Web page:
The National Debt Clock on Sixth Avenue in Manhattan continuously updates, highlighting the amount of debt the American people are encumbered with. Hospital emergency rooms in my market and across the country are currently running wait time counters on billboards. AMD ran a counter on its electronic sign in Times Square in New York City that purported to show how much time is wasted by ‘slow’ Intel chips compared to ‘fast’ AMD chips.
And, on the back page at the bottom of its weekly flyers, the big box pet retailer Petsmart runs a counter that shows how many lives Petsmart Charities have saved.
Counters or clocks can be a powerful marketing concept.
Trouble is, the figures from Petsmart Charities don’t seem to change very often.
Here are two weekly Petsmart flyers in my market, separated by three weeks, that show the same number of lives saved, 4,122,832.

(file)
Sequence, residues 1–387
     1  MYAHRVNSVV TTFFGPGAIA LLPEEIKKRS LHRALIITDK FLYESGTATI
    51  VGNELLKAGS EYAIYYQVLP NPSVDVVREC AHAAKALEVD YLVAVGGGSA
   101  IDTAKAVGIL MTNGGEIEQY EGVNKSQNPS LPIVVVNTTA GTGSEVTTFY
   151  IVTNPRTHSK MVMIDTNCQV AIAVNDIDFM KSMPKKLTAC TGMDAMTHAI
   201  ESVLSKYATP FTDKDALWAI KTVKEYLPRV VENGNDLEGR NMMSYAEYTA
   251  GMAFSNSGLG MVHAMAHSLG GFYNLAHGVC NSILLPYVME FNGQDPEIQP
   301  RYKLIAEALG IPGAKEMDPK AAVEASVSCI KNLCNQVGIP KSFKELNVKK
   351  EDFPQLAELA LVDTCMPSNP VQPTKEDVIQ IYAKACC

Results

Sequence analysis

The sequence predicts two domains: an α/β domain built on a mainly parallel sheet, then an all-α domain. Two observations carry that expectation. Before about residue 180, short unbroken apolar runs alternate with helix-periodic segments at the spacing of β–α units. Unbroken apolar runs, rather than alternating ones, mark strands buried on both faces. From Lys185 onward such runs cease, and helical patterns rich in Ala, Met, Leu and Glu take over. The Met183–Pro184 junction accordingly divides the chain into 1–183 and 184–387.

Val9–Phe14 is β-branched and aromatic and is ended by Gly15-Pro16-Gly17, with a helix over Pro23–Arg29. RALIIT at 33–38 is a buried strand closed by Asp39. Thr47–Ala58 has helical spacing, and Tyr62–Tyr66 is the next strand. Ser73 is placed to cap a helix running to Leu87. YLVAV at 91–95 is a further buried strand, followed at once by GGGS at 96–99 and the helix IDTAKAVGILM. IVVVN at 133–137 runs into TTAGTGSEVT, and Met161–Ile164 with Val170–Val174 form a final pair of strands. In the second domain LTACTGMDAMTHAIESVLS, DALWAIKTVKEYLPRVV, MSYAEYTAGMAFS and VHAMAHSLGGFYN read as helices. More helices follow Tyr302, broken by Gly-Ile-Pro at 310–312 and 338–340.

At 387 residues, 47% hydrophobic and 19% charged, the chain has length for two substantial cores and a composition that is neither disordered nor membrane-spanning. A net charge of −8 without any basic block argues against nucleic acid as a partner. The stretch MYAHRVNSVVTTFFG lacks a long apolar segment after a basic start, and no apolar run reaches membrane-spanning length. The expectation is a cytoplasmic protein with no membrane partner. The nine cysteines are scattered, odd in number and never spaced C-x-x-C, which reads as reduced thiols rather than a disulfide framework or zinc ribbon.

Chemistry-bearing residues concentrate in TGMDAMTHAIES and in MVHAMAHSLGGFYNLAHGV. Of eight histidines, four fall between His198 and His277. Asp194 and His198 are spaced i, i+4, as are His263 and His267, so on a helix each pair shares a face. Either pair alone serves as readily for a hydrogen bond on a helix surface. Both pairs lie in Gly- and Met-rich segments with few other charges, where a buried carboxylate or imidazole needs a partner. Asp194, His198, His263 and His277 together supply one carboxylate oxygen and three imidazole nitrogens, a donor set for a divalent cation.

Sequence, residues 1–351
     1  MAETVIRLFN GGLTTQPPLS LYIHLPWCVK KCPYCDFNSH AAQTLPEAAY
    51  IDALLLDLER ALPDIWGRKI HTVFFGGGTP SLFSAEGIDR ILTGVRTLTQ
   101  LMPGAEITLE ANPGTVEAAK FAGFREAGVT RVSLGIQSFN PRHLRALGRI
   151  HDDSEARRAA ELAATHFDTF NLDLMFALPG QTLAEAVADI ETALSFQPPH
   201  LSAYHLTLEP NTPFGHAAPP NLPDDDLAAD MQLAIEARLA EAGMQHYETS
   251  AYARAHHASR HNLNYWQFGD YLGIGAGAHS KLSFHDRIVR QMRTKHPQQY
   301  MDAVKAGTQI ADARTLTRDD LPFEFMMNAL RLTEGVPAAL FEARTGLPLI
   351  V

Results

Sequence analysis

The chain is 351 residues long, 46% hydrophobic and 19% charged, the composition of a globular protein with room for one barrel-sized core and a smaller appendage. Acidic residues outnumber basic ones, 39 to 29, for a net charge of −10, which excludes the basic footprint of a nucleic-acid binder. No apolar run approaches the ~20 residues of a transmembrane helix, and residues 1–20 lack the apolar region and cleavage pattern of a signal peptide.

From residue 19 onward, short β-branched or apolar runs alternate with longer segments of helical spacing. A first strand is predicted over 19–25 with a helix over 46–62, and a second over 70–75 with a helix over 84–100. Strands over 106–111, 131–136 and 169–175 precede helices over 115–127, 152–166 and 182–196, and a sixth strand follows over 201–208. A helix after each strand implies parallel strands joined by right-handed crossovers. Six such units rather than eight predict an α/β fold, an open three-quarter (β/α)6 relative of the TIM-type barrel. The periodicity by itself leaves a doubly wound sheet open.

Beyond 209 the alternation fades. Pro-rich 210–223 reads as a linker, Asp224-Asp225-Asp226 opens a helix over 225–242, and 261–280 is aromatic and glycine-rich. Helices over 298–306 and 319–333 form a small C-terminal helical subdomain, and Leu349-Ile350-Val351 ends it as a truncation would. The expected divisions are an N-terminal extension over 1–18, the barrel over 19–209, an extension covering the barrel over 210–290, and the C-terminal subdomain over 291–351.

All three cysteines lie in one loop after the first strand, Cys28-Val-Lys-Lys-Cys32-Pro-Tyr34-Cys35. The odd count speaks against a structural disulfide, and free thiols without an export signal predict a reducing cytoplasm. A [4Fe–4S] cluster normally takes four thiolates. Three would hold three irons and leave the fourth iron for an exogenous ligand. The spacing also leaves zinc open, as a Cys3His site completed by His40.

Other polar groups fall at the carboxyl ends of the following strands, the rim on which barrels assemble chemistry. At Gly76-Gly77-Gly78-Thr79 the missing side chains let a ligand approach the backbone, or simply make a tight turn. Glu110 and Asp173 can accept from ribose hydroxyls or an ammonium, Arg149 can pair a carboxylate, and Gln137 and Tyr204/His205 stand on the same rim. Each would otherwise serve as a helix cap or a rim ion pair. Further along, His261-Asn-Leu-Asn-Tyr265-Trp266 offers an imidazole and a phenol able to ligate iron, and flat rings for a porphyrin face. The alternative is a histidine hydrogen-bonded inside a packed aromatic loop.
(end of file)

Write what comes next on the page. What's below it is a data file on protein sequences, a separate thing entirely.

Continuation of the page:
How to account for the sameness of the number?
It could be, of course, that Petsmart Charities’ efforts did not result in any more lives saved in the succeeding days. But I doubt that.
I have no idea how Petsmart Charities determines the number of lives saved. But unless no more lives have been saved, I’m quite sure that it’s bad marketing to keep showing the same figure three weeks apart.
Before he died he founder of the National Debt Clock, real estate developer Seymour Durst, used to check with official US Treasury figures before doing updates to the clock via modem. In short, he had a quantifiable and sustainable way of ensuring the clock was accurate.
It appears that Petsmart Charities is either missing a similar process or that the challenges of getting an accurate count into all the newspapers has proved too daunting. But, of course, Petsmart itself has no problem getting new flyers to newspapers across the company’s service area every week.
I’m not here to give Petsmart Charities grief. But their lives saved counter only has power if it's accurate and timely and updated weekly.